Since the middle age the left bank quarter in Paris has been dominated by the Sorbonne, and acquired its name from the early latin-speaking students. It dates back to the Roman town across the Ile de la Cité.
In 1215 the Pope approved the establishment of a university on the left bank of the Seine in Paris. Students and teachers alike settled in the area and since Latin was the official language of education at that time, the area came to be called the Latin Quarter.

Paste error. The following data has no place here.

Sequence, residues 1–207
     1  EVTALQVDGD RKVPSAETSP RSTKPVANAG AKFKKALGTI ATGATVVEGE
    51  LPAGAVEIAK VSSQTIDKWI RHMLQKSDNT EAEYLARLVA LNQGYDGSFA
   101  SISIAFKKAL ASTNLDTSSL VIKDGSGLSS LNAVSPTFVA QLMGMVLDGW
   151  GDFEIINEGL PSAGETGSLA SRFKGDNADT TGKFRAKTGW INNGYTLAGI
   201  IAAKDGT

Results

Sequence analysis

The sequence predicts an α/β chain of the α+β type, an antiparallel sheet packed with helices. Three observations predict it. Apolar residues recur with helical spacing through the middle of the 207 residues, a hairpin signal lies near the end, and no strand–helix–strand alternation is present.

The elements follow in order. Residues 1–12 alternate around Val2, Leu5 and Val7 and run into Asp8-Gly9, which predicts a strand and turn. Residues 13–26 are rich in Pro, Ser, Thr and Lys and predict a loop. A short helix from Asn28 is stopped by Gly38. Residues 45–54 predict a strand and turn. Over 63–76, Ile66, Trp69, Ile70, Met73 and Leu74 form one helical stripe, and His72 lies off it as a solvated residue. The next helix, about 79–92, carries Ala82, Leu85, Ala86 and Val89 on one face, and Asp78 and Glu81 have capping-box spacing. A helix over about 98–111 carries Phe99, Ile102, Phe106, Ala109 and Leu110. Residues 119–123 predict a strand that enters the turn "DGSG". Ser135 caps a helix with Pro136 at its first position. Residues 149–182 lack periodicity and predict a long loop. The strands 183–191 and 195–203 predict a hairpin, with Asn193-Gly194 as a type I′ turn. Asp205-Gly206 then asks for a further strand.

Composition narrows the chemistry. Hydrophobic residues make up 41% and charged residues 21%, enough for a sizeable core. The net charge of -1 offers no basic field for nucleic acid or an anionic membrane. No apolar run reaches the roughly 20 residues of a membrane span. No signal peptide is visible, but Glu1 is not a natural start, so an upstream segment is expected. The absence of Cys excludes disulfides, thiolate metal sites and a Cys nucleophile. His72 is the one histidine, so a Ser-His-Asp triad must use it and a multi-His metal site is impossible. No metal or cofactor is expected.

The area is generally associated with artists, intellectual and a bohemian way of life; this is mainly due to the thousands of students living around. But the left bank also has a history of political unrest : In 1871, the Place Saint Michel became the center of the Paris Commune, and in may 1968, it was a site of student uprising.
Today the eastern half has become sufficiently chic, however, to house members of the French Establishment.
The left bank contains many of the Paris monuments, museums and gardens, ranging from the brand-new Institut du Monde Arabe to the Middle Age Musée de Cluny, or the Muséum National d'Histoire Naturelle in the Jardin des Plantes.